Chinnaram Gotta ploughs his fields with a tractor, three bodyguards and five guns: two ancient Lee Enfield .303 bolt action rifles, a modern Self Loading Rifle, a 0.315 sports rifle and a double-barrel 12 bore shotgun. While the bodyguards, .303’s and SLR are courtesy the Chhattisgarh police, the sports rifle and shotgun are Gotta’s personal weapons.
“The Maoists have made 29 attempts on my life,” said Mr Gotta, at his home in Pharsegarh village in Chhattisgarh’s Bijapur district, “I carry a gun when I go to the toilet.”
A wealthy adivasi farmer with more than 200 acres of family land, Mr Gotta is one of the Salva Judum’s earliest leaders, and played a crucial role in transforming a small anti-Maoist protest in 2005 in Karkeli village, Bijapur, into a controversial programme that turned south Bastar into a battlefield.
Five years on, Mr Gotta is one of the founding members of the Dandakaranya Shanti Sangharsh Samiti (DKSSS), an organization unveiled on October 2 this year in Kutru, Bijapur in the presence of Bijapur District Collector Rajat Kumar and Superintendent of Police R.N. Das.
According to a press note in Hindi, the DKSSS “is separate from all prior agitations” and is a peace movement that urges the state administration and CPI (Maoist) to arrive at a solution for the betterment of the adivasis of Bijapur. However, the DKSSS leadership comprises almost entirely of men who shot to prominence at the height of the Salva Judum: Madhukar Rao, Chinnaram Gotta, Vikram Mandavi, Balaram Nag, Jyotiram Azad all made their careers as Judum leaders and have now migrated to the new outfit.
For its supporters, the Salva Judum, variously translated as ‘peace march’ or ‘purification march’ was a spontaneous, peaceful adivasi upsurge against the banned CPI (Maoist) that demonstrated that Chhattisgarh’s tribal population did not support the Maoists. For its detractors, the Judum was a movement of government backed vigilantism that resulted in the forcible displacement of over 60,000 adivasis. Public interest litigations filed in the Supreme Court (Writ Petition (Civil) 250/2007 and Writ Petition (Criminal) 119/2007) accuse Judum members over 500 murders, 99 rapes, and 103 acts of arson.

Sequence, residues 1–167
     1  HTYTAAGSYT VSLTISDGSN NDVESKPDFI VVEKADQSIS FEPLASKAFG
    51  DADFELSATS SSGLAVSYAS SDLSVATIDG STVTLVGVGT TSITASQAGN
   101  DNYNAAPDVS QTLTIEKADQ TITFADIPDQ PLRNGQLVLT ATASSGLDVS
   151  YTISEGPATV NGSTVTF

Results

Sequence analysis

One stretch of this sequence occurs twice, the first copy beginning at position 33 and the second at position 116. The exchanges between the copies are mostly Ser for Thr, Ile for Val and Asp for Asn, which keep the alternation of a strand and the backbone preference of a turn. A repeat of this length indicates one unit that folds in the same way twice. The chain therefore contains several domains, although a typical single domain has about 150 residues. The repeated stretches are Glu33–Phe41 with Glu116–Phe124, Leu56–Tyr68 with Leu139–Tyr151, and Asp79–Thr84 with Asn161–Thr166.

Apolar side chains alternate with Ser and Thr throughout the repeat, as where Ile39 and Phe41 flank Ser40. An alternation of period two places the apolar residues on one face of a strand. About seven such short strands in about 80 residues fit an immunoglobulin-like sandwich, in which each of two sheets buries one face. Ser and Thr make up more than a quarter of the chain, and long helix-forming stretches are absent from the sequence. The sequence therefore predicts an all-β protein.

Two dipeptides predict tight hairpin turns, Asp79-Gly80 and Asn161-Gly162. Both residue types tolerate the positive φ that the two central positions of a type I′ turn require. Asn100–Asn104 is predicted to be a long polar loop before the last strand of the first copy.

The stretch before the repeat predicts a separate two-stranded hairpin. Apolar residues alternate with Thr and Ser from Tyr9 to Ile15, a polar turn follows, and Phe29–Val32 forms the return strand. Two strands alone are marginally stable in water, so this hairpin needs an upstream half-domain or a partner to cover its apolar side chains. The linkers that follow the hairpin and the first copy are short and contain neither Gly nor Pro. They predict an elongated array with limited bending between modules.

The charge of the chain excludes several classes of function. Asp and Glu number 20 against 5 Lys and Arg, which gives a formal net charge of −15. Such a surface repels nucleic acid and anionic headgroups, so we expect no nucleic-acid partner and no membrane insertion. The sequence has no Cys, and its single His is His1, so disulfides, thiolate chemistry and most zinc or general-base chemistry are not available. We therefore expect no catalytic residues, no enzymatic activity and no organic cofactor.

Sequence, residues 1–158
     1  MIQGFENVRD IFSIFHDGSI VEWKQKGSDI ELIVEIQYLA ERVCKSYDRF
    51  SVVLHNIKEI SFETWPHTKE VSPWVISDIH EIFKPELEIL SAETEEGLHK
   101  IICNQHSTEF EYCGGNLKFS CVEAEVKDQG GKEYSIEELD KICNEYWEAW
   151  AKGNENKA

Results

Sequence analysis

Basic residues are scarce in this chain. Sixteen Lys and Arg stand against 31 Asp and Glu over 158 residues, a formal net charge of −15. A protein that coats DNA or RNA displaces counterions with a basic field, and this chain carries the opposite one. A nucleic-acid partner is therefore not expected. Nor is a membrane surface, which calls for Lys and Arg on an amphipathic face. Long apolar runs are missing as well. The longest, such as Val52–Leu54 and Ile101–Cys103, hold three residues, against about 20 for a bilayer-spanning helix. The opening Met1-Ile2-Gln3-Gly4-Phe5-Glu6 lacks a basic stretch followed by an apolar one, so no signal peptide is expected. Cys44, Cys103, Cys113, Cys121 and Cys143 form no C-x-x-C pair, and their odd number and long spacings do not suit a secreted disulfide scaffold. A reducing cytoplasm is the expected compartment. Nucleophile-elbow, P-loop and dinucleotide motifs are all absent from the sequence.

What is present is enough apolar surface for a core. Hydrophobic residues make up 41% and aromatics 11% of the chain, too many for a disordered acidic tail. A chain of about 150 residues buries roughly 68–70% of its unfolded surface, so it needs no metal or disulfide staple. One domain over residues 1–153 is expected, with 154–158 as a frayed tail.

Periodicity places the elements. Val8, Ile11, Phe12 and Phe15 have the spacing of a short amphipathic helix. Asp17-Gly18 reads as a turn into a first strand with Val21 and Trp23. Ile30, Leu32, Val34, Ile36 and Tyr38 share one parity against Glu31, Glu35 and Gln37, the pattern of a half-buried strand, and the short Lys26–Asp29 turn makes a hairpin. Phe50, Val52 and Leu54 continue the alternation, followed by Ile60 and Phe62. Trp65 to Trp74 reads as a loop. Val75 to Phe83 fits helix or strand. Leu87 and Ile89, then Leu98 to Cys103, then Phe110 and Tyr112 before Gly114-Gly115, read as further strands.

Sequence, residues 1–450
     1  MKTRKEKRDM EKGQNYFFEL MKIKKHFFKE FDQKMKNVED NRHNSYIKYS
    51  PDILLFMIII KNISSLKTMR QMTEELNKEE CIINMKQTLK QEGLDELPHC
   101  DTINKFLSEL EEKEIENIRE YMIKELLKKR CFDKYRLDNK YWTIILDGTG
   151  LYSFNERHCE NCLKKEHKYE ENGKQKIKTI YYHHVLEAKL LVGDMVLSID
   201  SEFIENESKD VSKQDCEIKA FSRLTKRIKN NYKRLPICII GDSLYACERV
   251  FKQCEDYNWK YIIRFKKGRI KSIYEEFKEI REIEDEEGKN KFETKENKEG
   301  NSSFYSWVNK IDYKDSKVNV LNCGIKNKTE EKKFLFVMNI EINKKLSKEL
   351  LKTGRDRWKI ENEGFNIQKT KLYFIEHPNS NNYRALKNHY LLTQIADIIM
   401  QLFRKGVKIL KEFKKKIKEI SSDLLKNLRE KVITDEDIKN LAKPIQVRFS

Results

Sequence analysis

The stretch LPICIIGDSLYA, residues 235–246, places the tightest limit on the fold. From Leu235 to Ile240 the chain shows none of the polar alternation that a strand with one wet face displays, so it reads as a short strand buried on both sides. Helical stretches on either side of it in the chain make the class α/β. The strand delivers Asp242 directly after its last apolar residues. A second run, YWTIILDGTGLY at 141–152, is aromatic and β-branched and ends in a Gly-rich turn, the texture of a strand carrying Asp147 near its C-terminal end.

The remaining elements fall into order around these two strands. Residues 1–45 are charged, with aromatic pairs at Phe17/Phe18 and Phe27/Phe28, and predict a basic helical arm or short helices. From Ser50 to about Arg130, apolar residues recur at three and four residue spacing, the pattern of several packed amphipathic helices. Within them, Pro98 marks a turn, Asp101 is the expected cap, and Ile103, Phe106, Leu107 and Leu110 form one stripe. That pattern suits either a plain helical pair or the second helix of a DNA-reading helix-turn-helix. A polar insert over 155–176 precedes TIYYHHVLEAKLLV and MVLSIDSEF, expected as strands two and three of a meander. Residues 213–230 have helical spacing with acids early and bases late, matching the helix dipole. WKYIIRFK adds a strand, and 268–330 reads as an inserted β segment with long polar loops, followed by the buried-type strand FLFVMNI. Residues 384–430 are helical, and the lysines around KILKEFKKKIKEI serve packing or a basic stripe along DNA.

“It is true that there was some violence during the Judum years,” said Madhukar Rao, “That was because the Judum was infiltrated by the Maoists who carried out atrocities to defame our peaceful movement.” Both Mr Rao and Mr Gotta insist that the DKSSS has learnt from its mistakes and shall carefully vet every individual before offering them membership.
The DKSSS shall also shun all political patronage, according to its founders who believe that the Judum was hijacked by political parties, used for electoral gains and then abandoned when the programme became too controversial. “The administration has abandoned us,” said Mr Gotta, who specifically stated that Mahendra Karma, former leader of opposition and the public face of the Judum, would not be allowed to join the DKSSS.
“Karmaji is free to use our platform to deliver his message, but he shall have no decision making powers,” said Mr Gotta. Mr Karma was not available for comment.
But what about the Judum? “You can say that the Judum has stalled. It is neither stopped, nor is it functioning. Which is why we have started a parallel movement.” said Mr Rao.
According to its leaders, the DKSSS shall peacefully agitate for employment, construction of roads, education and shall play a leading role in ‘convincing’ suspected Maoist sympathizers to give up their allegiance to the party and join the state administration. Mr Gotta said that the state police should recruit as many adivasi youth as possible and make them Special Police Officers (SPO) – a move, he believes, shall provide employment and also assist the state in anti-Maoist operations.
In its pamphlets, the DKSSS explicitly attempts to drive a wedge between the Maoist cadres and leadership. “Maoist leaders are all Reddys from Andhra. We have received information that the rank and file in Chhattisgarh is disillusioned and is looking for avenues to surrender,” Mr Gotta said.
While the movement has thus far stayed below the radar, there are indications that the DKSSS might trigger off a spiral of violence similar to that observed from 2005 to 2007. The CPI (Maoist) has taken note of the formation of organization and has made its opposition clear. “The CPI (Maoist) has called for a 48-hour Dandakaranya bandh on 22 and 23 October with the demand to disband the …new avtar of the fascist Salva Judum,” said CPI (Maoist) spokesperson Gudsa Usendi in a press note sent to this correspondent.
In a throwback to 2005, Bijapur town has also seen the arrival of 87 families from Adhed, an interior village in the Gudipal panchayat, suggesting that the battle-lines between the police and Maoists may be drawn afresh. Pardham Pandu, an SPO from Adhed said that the Maoists had threatened the villagers. Inquires revealed that Adhed has long been a point of contestation between the Maoists and Judum supporters.
While the villagers of Adhed attended anti-Maoist rallies during the Judum, the Maoists allowed them to stay in the village. However, in March this year, the Bijapur police arrested 6 suspected Maoist Sangham members from Adhed and neighbouring Gudipal. “This convinced the Maoists that there were police informers in the village,” said Pandu. In August 16, Pandu said that the Maoists killed sarpanch Phulse Bhima in retaliation. Soon after, villagers from Adhed began to leave their homes, at least ten of whom are planning to join the police force.